A Tale of Ancient Harmony: The Remarkable Bond Between Thaua People and Orcas

For millennia, the Thaua people, a part of the Yuin nation in eastern Australia, held a unique and exceptional whale hunting strategy that hinged on a remarkable partnership with orcas. A recent study published in the peer-reviewed Journal of Heredity sheds light on this extraordinary collaboration that thrived for generations. Thaua hunters discovered that by working alongside orcas in Australia’s Twofold Bay, they could efficiently locate and hunt whales. Some even sang to the orcas to encourage them to assist in herding the whales inland.

Once the whales were successfully hunted, a unique practice known as the “Law of the Tongue” came into play. The Thaua hunters would take the majority of the whale’s carcass, while the orcas claimed only the lips and tongue. This reciprocal relationship between the Thaua people and the orcas endured for centuries until the 1930s when the orcas mysteriously vanished from the region, marking the end of an extraordinary alliance.

Steven Holmes, a Thaua Traditional Custodian and coauthor of the study, provided insights into this remarkable practice. He explained, “My people had a long-lasting friendship with the beowa in Eden, especially Old Tom. My Nan, Catherine Holmes nee Brierly, told us about her great Grandfather, Budginbro, who, along with other Thaua, would swim with Old Tom, holding onto his dorsal fin. My ancestors were never hurt or injured.”

The exact origins of this unique partnership remain a mystery, but it is believed to have endured for thousands of years. Isabella Reeves, the doctoral student who led the study, emphasized the curiosity, strategy, and determination of orcas. Reeves stated, “I think what I’ve learned from killer whales is that they’re curious, they can be strategic, and when they want something, they know how to get it.”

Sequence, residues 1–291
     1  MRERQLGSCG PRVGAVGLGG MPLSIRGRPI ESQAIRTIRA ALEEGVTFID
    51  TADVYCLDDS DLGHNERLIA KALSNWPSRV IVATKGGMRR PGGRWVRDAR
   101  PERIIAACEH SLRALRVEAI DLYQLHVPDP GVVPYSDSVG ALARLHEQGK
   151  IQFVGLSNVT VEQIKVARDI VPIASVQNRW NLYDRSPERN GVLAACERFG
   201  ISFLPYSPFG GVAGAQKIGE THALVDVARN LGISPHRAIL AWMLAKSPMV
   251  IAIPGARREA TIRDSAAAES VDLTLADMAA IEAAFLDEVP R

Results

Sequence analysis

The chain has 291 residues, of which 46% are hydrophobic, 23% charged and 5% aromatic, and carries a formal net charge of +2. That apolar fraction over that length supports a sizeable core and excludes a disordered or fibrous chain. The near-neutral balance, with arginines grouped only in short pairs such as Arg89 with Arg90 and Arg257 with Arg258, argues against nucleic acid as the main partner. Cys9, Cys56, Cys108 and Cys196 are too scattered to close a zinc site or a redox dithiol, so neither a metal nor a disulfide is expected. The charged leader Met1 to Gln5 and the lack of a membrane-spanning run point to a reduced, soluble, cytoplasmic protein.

One of the key figures in this extraordinary story was Old Tom, a 23-foot-long orca whose skeleton was the subject of DNA analysis almost a century after his time. Old Tom had served as a hunting companion to the Thaua people throughout his life, underlining the depth of the bond between humans and orcas.

Despite the arrival of British colonizers in Australia, the relationship between Thaua whalers and orcas persisted for about 150 years, attesting to its resilience and significance. However, in the 1930s, the orcas disappeared from the region, leaving a void in the partnership that had been integral to the Thaua people’s way of life.

The mysterious disappearance of the orcas puzzled researchers and the Thaua community for years. Through the analysis of Old Tom’s DNA and the invaluable knowledge passed down through generations of Thaua people, scientists have now concluded that the orcas in Twofold Bay are locally extinct. This discovery underscores the profound impact that human activities and environmental changes can have on ecosystems and the species that depend on them.

The relationship between the Thaua people and the orcas of Twofold Bay is a testament to the intricate connections that can exist between humans and the natural world. It serves as a reminder of the rich history and profound insights that indigenous communities hold about their environments and the species that inhabit them. This extraordinary partnership highlights the importance of preserving and respecting such relationships, even as we strive to understand and protect the delicate balance of ecosystems in the modern world.

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